A gaping crack has opened up between the city’s Tory MP and his Labour rival over the controversial issue of fracking for underground gas.
In contrast, sitting MP Stephen Mosley believes fracking “has a role to play” as part of the UK energy mix but won’t say if he’s happy with the Upton location.
Labour’s Mr Matheson sides with those who fear the exploratory drill in Duttons Lane may lead to an industrial scale operation to extract methane from the coalbed or shale layers. A protest camp has even been set up on site in a bid to stop IGas erecting its rig because of long term concerns over air and water contamination as well as earth tremors.
Mr Matheson said: “It may be acceptable in the wide open spaces and deserts of Texas or the Australian outback. But this is prime Cheshire farmland just a few hundred yards from houses and schools. It can’t be right.
“I don’t believe claims that, as in the USA, fracking will bring abundant cheap energy.”
Mr Matheson is against fracking anywhere in the UK, which is out of step with his party’s national policy of cautious support.
He claims the Tories aim to make it easier to frack without local planning permission and says Labour wants “tough new environmental and engineering controls”.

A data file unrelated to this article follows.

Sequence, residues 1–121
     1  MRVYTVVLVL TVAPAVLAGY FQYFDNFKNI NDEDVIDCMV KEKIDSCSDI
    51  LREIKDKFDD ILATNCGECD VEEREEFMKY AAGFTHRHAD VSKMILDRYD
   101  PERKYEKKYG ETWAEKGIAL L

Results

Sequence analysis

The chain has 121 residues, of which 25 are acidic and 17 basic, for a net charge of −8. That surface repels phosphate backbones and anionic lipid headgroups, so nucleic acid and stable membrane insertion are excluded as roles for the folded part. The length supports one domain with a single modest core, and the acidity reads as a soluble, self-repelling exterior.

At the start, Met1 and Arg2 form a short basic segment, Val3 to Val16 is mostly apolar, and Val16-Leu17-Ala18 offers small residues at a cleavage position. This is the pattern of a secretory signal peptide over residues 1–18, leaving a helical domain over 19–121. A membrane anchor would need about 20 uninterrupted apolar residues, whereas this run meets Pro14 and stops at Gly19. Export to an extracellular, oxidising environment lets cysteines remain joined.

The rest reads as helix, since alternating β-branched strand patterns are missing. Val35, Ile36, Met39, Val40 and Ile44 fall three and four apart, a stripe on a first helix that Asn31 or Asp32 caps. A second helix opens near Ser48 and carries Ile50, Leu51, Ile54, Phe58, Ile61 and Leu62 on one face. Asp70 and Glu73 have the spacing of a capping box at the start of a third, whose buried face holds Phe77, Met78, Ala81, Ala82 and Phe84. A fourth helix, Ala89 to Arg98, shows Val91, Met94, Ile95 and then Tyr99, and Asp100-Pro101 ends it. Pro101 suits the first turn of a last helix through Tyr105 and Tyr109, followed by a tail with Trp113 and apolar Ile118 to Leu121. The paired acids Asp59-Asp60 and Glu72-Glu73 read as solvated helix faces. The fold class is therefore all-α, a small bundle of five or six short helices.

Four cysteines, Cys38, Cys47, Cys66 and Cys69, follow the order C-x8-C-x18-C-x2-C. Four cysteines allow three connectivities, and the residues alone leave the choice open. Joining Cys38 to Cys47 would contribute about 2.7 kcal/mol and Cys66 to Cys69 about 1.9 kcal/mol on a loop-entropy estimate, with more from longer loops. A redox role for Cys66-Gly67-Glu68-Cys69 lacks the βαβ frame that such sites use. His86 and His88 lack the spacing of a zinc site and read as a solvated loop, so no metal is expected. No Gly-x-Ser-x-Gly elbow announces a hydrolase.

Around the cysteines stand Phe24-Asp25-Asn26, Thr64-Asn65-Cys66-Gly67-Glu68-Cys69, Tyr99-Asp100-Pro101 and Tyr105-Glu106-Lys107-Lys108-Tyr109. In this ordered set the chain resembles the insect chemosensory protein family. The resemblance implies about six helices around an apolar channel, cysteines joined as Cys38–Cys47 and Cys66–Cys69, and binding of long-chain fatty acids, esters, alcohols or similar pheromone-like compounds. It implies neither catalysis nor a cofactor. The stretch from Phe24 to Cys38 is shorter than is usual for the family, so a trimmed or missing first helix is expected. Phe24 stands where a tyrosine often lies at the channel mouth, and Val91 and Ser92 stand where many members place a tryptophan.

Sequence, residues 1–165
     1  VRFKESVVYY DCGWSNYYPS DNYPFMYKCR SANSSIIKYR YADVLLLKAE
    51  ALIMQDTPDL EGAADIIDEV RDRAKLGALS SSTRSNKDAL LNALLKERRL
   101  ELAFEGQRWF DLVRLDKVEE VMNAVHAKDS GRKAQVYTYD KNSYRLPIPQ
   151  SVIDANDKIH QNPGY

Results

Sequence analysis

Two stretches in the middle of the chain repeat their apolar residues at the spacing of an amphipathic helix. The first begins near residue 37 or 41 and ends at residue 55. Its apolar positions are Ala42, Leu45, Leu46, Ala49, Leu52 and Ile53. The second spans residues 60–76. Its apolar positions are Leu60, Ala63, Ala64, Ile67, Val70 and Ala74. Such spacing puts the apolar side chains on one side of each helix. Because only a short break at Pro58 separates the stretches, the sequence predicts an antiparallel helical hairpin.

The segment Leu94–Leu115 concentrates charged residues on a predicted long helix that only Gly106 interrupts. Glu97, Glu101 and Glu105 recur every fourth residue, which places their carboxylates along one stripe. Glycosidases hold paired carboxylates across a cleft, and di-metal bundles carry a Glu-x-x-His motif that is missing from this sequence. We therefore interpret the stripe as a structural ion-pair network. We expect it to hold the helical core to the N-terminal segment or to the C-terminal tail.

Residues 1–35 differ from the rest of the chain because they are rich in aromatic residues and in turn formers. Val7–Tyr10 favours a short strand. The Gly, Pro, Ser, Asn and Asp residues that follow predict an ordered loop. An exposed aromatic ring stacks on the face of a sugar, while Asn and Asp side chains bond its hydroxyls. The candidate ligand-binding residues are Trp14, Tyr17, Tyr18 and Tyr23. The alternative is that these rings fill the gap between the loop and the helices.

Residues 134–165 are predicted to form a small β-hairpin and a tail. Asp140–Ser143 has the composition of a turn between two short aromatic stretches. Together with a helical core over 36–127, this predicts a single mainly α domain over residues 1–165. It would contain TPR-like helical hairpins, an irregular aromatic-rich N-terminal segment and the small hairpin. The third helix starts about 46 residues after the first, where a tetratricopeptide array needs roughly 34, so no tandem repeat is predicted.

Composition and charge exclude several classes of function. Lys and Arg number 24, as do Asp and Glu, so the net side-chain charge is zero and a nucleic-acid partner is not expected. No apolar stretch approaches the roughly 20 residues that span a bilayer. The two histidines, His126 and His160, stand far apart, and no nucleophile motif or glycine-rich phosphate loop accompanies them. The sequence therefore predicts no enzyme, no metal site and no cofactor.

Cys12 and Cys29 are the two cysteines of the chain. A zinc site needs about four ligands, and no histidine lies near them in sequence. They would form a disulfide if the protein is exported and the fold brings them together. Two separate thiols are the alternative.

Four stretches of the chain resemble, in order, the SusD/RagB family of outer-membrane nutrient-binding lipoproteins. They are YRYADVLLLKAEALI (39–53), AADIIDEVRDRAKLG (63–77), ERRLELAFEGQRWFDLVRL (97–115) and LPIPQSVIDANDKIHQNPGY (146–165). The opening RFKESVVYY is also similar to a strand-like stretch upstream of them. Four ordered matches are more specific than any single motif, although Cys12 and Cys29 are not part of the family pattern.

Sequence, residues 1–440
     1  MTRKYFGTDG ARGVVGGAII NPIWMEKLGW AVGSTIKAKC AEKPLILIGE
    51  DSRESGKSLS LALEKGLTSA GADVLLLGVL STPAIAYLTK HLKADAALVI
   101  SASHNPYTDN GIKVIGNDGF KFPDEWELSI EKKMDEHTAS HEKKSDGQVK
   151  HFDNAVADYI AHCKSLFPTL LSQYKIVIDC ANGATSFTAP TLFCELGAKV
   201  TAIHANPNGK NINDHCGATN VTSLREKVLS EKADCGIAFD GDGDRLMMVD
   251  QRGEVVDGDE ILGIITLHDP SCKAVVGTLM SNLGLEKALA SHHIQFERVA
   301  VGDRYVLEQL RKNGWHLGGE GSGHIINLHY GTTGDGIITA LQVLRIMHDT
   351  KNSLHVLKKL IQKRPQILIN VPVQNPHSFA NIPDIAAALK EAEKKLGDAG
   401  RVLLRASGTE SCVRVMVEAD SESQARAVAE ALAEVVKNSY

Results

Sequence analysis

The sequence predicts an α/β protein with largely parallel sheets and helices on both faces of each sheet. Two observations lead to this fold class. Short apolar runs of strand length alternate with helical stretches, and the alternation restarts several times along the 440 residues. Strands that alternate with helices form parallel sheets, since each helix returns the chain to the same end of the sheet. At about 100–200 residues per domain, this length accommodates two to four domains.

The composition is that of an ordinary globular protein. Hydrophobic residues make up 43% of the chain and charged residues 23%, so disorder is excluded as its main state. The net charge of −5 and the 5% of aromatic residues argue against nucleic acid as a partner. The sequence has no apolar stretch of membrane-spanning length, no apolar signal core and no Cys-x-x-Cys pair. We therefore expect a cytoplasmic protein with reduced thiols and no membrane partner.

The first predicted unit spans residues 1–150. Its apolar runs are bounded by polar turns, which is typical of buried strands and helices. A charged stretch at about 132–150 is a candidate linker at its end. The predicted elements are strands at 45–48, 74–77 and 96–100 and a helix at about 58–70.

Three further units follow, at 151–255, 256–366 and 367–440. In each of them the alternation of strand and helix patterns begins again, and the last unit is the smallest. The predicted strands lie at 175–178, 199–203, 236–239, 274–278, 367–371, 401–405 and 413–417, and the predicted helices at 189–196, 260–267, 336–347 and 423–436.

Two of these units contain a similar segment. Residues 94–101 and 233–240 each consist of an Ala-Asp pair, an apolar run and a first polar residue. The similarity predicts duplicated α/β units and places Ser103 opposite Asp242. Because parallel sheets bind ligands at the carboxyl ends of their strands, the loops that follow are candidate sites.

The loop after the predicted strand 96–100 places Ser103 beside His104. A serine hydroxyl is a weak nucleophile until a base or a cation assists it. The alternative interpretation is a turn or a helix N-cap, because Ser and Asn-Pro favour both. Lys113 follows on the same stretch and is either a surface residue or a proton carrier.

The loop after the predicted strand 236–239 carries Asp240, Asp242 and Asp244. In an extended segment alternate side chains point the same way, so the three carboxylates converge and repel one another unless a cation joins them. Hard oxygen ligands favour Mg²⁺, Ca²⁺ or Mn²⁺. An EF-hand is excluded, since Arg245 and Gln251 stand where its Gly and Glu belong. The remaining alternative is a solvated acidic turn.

He added: “Our weather is getting more extreme. We saw more terrible flooding last winter, including on parts of the River Dee. We must take action to protect our environment and we need more renewable energy sources.”
The city MP hit back saying it was ‘disgusting’ the last Labour government sold licences allowing companies to search for gas without any public consultation.
He added: “I think fracking has got a role to play in our future energy production but it has got to be in the right place.”
Mr Mosley doesn’t believe fracking should be in urban areas but says each case should be considered on its own merits and was unwilling to take a stance on the Upton site. If a proposal to frack there came forward then he would base his position on the evidence.